UNIDENTIFIED MALE: Yes, the chief justice is a young man and he more than any of the justices on the court appreciates -- on the court today, appreciates the institutional role of the Supreme Court in the American democracy. He is a student of history. And I think today's decision was a really resounding reflection of the chief justice's values which are law is not just politics, and the Constitution is not just politics. And we should think about the decisions and partially and dispassionately come to the right decision.

TOOBIN: Can I ask you a question, Neil, about sort of -- you know, the way that lawyers talk? The politicians and the President Obama said this is not a tax increase. He said it over and over again during this debate. Now, the court upholds it as a tax.

Do you think that contributes to people's cynicism about the law?

UNIDENTIFIED MALE: Well, I don't think so, because the constitutional question is first of all does it function like a tax? What the chief justice said it quacks like a tax, it looks like a tax, it functions like is a tax. It is a tax.

And every American knows that, because if you don't pay the individual mandate, then on the 1040 tax bill, you have to check a box saying so. And so, everyone knows that this functions like a tax.

TOOBIN: So, we just ignore what the politicians say and the lawyers will figure it out.

KING: You can be absolutely certain you won't hear that in anything from the Obama campaign. Go to, you're not going to see the word it is a tax.

But, Candy, you know, as we talk about the politics, just -- well, in the last break, I was reading on the BlackBerry the statement that then-Senator Barack Obama gave on the floor of the United States Capitol, where you are today, and I'm looking at the Capitol building, the Supreme Court behind me, opposing the conformation of John Roberts to the Supreme Court. I would love -- they don't get to talk all that often, but the next time that the president of the United States has a conversation with the chief justice of the United States, boy, would you love to be a fly on the wall.

CROWLEY: You absolutely would. A lot of ironies going on here, because let's remember that when President Obama was candidate Obama, he argued against the individual mandate, and now he argued for it and won and in the Supreme Court. So, we could go round and round and many degrees with of separation from people that did not initially seem to be on the side of the president and vice versa.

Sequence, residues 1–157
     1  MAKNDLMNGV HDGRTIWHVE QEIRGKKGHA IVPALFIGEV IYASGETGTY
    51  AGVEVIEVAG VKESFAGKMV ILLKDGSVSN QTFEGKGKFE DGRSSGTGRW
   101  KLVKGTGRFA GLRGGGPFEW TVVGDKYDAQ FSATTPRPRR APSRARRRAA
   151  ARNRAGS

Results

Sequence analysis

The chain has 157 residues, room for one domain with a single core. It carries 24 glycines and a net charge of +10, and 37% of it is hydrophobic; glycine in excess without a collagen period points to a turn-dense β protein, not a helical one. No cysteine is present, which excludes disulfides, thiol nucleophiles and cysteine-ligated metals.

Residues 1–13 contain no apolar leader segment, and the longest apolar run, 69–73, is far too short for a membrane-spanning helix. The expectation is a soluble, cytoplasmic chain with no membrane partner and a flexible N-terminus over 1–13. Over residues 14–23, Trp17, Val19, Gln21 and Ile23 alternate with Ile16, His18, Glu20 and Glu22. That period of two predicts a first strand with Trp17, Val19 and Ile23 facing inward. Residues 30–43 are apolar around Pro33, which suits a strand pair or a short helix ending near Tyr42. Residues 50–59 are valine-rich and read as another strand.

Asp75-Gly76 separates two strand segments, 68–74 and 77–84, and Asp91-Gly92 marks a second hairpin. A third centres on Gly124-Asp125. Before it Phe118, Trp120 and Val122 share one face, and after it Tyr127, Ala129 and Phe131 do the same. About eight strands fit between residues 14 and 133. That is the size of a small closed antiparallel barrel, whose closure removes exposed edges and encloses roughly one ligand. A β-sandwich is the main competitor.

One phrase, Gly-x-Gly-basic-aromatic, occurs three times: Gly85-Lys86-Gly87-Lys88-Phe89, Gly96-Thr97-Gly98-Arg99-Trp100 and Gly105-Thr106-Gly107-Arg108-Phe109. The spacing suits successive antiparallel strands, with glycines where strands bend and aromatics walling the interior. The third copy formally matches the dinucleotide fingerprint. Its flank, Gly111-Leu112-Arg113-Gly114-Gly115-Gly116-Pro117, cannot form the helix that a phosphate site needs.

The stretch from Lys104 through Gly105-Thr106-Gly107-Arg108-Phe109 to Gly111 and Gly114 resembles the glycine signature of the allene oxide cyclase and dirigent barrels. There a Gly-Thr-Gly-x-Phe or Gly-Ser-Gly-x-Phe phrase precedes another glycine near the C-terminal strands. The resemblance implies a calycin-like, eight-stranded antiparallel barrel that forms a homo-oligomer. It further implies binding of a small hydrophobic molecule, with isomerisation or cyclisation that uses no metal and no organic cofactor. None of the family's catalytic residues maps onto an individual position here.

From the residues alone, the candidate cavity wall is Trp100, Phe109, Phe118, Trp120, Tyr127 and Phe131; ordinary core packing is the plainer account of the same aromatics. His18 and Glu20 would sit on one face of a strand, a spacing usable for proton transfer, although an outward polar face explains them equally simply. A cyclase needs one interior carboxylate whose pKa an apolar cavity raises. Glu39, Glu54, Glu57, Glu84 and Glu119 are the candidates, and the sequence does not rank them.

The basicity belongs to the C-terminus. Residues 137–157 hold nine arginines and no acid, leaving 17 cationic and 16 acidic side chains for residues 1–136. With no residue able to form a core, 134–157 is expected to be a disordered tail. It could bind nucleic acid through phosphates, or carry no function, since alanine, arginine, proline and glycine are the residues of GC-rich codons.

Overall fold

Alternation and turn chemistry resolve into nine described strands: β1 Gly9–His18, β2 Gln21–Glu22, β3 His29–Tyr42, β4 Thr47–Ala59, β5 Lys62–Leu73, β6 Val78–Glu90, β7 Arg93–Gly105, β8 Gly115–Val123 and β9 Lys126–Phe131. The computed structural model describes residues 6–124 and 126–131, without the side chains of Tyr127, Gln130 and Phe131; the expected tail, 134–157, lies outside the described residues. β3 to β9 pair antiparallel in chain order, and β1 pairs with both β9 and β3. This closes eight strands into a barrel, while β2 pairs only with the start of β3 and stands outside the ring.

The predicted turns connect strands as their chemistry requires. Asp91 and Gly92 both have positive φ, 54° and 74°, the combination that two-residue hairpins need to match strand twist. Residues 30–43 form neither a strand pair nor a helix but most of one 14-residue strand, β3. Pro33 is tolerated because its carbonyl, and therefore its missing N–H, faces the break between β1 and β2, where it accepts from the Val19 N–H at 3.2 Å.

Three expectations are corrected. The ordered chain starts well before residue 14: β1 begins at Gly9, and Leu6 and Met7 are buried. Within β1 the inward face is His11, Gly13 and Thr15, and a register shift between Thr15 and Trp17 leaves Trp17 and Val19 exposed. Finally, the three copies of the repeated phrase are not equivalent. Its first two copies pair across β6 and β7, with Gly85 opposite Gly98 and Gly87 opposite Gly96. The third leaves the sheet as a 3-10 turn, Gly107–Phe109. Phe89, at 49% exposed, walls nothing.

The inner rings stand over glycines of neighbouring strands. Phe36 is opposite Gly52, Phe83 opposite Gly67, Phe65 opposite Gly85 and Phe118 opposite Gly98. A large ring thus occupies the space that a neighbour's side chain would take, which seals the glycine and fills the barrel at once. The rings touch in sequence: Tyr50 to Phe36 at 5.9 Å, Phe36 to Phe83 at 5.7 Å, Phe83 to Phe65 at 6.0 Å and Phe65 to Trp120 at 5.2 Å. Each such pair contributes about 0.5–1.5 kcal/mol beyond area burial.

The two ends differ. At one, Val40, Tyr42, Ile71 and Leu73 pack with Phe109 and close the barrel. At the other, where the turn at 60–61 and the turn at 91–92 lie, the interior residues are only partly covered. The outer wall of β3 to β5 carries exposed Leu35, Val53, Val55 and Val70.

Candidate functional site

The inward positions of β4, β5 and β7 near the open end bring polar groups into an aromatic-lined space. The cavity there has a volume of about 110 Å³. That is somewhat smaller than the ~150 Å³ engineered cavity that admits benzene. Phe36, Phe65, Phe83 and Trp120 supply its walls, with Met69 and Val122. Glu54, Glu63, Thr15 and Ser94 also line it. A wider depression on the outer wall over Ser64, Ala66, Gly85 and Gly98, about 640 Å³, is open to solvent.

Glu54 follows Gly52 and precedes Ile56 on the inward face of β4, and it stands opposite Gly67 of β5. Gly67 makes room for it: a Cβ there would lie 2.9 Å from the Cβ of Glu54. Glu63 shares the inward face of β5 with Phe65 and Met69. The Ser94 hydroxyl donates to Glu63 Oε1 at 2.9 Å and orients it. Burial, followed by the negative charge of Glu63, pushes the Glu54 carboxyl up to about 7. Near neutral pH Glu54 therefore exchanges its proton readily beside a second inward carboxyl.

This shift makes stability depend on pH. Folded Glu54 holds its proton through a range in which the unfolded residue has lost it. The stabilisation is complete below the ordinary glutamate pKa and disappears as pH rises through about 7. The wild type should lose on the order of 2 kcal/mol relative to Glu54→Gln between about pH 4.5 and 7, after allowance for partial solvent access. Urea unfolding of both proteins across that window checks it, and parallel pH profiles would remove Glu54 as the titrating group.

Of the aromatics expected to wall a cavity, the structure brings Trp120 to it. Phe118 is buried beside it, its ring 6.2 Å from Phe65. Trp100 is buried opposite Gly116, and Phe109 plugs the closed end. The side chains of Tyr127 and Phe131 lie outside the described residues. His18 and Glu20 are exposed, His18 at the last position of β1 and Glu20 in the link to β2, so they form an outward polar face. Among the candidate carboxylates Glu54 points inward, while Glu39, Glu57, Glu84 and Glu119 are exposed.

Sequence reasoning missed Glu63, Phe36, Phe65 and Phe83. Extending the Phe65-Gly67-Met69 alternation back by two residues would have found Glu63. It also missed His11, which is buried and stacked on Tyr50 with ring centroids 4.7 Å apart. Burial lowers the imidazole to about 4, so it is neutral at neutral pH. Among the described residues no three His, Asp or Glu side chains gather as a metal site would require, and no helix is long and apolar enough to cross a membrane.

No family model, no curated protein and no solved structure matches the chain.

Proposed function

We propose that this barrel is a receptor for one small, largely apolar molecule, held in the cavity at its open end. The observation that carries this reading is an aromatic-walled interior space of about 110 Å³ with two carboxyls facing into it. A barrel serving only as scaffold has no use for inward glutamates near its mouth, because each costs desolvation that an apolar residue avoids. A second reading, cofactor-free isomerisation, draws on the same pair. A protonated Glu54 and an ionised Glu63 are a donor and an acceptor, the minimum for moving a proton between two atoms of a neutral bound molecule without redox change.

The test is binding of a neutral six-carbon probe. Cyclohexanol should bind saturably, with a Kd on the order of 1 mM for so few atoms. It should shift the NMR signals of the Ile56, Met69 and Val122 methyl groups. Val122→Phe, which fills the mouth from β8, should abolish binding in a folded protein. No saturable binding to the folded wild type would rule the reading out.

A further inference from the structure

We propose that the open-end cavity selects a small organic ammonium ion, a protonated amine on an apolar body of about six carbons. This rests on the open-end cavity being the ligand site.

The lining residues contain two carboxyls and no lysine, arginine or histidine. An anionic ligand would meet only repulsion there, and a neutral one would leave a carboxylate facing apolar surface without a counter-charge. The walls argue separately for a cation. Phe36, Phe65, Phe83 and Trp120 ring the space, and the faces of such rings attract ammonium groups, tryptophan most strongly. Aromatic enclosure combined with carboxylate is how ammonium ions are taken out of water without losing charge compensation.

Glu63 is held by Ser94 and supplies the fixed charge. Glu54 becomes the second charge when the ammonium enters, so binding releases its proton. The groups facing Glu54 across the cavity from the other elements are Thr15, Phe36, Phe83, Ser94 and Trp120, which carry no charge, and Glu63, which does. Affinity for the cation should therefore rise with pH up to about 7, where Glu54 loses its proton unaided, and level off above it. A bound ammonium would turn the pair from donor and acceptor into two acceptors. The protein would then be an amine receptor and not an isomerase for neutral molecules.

So this is an interesting day to be sure, John. Thank you very much.

I want to bring in now Gloria Borger. We have been talking a little bit about this whole idea that Justice Roberts is the one that really seemed to tip the balance here.

GLORIA BORGER, CNN CHIEF POLITICAL ANALYST: Yes, very interesting. This has an awful lot to do with the Justice Roberts that we saw when he was confirmed who talked a lot about stare decis, not upsetting the apple cart, and also about the court's legacy and the way he wants the court to be viewed as a court that is not political, a court of integrity.

You know, in reading through all of this today and you look at the taxing power argument here, this was not the major argument in the case. This was a smaller argument, a subsidiary argument, if you will, that the administration was making. It almost seemed to me that Justice Roberts might have been looking for some way to uphold this law, and in the same way gently admonishing the administration, saying, you know what, call the penalty what it is, and it's a tax.

CROWLEY: Let me bring in someone who will be a familiar face to a lot of us and is to a lot of you out there, Senator Marco Rubio of Florida, often mentioned as perhaps a vice presidential candidate.

He'll be happy to know I'm not going to ask you about that today, Senator. But I want to ask you about your reaction to the Supreme Court. This is essentially a pretty big loss for the Republicans, is it not?

SEN. MARCO RUBIO (R), FLORIDA: Well, I think it's a loss for America.

Let me begin by reminding everybody what the Supreme Court decides is that they decide whether something is a constitutional or not constitutional. They don't decide whether this is a good idea. And it's specific, and when they found that it was constitutional, what they said was that the reason it's constitutional is because it's a tax increase.

Millions off Americans may now have a IRS problem as a result of the ruling.

CROWLEY: So, Senator, how does this play out on the campaign trail, as we all know when Mitt Romney was governor of Massachusetts, he certainly had a similar plan in place, and it takes away some of his ability to argue the individual mandate. But how do you go at this in terms of politically, and in terms of what you say the ultimate goal is which is to turn over this law?